I learned about the wizard—the hero—that lives inside us all. That’s quite an inspiring thought that Merlin gave me. I also learned about what a truly remarkable character Merlin is, full of contrast and depth and wisdom. There’s a metaphor at the heart of all of the books from The Merlin Saga. Just like the young Merlin, all of us are washed ashore, half-drowned, at some point in our lives. All of us have hidden struggles — and hidden potential. And all of us, like the greatest wizard of all, have magic within us — and the ability to reach for the stars.
Are you going to write any more books about Merlin?
If anyone had ever told me, way back when it all began with a dream about a strange boy who washed ashore, that the journey would lead to all these adventures, plus so many international editions, tributes, and excitement about a movie, I wouldn’t have believed it! (Then again, who would believe that that young boy would become the greatest wizard of all time? Or that Shim could endure so many obstacles and ultimately triumph as a true giant? Or that a bizarre creature as tiny as Basil would become Avalon’s most powerful dragon and Merlin’s best friend?)
So it’s been quite a ride. The best experience any writer could ask for. And Merlin, whose greatest wisdom came from nature, continues to light up my life and teach me valuable ideas. He is my hero in the deepest mythical sense of that word.
Will I write about him again? The answer is … who knows? Only the wizard himself can say for sure. I’m not ruling anything out. But right now I know there are other stories in my writer’s cauldron, stories I’d like to taste and maybe serve up to readers. Whatever happens next, I’m sure it will be enriched by Merlin’s magic.
Why do you write quest novels and fantasy? Why not realistic fiction or historical fiction?
I write books I would like to read. That means each story must have a character, a relationship, a place, a dilemma, and an idea that I care about. A lot. I like a story where an individual must deal with personal issues as well as overarching issues. The mythic quest — call it fantasy if you prefer — allows me to incorporate all of these qualities.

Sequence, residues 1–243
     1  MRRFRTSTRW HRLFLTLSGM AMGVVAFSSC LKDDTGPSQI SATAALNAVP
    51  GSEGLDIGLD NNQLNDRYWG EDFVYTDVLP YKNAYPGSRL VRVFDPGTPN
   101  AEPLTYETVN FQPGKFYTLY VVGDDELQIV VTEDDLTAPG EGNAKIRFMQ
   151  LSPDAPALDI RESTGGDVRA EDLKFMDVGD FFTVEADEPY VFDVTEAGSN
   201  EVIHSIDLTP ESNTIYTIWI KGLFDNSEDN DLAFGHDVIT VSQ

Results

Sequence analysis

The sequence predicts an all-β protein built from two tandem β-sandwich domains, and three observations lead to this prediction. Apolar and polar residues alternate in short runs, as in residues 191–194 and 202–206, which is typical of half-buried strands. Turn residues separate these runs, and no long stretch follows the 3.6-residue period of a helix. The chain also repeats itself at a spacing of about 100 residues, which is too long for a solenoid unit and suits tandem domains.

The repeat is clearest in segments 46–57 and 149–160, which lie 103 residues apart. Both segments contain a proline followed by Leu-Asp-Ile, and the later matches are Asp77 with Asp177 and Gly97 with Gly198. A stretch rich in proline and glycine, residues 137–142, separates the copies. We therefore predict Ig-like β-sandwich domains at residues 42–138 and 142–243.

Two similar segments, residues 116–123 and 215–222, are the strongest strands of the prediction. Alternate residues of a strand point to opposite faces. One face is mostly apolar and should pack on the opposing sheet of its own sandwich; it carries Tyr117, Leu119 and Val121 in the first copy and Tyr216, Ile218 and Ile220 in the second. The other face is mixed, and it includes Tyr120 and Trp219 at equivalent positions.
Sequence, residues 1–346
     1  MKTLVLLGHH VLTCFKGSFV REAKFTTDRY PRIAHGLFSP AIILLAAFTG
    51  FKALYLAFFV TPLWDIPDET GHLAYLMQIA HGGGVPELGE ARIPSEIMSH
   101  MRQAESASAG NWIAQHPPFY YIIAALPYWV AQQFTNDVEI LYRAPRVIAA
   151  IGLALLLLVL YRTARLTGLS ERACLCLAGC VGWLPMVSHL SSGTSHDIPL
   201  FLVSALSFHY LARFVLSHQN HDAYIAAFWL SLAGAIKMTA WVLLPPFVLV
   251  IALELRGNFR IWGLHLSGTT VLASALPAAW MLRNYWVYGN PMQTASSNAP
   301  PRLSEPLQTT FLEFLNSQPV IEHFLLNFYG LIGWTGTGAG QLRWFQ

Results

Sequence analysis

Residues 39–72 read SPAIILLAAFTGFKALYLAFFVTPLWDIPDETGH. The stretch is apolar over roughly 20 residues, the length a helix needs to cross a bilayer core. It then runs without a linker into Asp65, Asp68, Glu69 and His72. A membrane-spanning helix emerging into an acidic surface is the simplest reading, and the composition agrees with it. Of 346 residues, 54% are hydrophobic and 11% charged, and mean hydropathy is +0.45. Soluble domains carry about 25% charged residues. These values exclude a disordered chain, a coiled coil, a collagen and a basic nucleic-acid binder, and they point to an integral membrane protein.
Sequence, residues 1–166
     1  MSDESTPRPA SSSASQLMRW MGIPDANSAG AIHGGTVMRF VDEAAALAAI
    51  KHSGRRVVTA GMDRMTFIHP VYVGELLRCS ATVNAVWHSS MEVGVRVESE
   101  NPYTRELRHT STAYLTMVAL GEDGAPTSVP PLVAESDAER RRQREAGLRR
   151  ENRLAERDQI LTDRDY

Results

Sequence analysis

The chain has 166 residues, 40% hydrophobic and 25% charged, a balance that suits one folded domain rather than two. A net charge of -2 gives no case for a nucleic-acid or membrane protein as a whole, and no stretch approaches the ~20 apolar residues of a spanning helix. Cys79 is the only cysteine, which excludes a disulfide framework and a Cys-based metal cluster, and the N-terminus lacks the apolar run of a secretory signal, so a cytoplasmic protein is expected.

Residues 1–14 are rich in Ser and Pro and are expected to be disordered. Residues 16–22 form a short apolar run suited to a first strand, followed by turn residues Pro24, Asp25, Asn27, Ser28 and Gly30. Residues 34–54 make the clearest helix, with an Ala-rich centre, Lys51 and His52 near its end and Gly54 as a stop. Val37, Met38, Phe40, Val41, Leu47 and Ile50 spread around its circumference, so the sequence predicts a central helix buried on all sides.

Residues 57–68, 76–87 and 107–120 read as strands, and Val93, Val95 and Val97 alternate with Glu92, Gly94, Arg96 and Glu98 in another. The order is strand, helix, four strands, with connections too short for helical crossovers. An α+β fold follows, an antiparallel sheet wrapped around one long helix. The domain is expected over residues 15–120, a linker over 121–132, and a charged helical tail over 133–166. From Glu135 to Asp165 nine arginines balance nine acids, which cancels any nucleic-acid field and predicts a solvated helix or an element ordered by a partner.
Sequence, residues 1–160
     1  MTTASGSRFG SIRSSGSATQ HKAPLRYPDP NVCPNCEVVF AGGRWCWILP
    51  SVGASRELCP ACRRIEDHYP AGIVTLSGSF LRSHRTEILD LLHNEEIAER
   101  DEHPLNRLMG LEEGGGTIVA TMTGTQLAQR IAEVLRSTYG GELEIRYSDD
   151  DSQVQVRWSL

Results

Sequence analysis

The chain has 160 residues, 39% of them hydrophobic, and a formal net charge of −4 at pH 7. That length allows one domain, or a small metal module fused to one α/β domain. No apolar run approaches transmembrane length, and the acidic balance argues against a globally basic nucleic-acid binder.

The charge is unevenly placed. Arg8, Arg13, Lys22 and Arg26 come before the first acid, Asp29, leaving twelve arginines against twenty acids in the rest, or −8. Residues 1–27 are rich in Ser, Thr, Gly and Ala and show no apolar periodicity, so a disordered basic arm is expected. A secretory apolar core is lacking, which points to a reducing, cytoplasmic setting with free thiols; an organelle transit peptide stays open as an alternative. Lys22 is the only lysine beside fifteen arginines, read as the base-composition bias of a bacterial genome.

In addition, the mythic quest gives me a great opportunity to wrestle with some of life’s biggest questions in the context of a good old-fashioned page-turner. For example, telling the story of Merlin’s lost years allows me to explore the idea that all of us, whatever our backgrounds, have a magical person hidden down inside of ourselves. Just like that unknown boy who washed ashore, each of us has the potential to reach for the stars.
What did you do before you started writing full time?
I have done many things—built a mountain cabin, studied at Oxford, run a growing business, started a family—but I have always written. As a kid, I would sit outside under a big old apple tree and write poems, stories, and zany jokes. When I was in fifth grade, I liked to tell stories so much that I started my own little magazine, called The Idiot’s Odyssey. As an Eagle Scout, I won a scouting speech and essay competition that sent me to Washington to meet the President. Even when I was managing a business, I often found myself getting up at 4 a.m. to write, composing during meetings, or scribbling in the back of a taxi. Finally I had to make a choice, to do what I love best—because life is too short not to follow your passions. So here I am, still telling stories.
Writing is the hardest work—and also the most joyous work—that I’ve ever done. And here is the bonus: It’s also a great way to be fully alive, to soak in life in all its sensuous detail, wonder, mystery, and surprise.
What is your most favorite word?
Mellifluous for the sound…and Gratitude for the meaning.
Why do you write?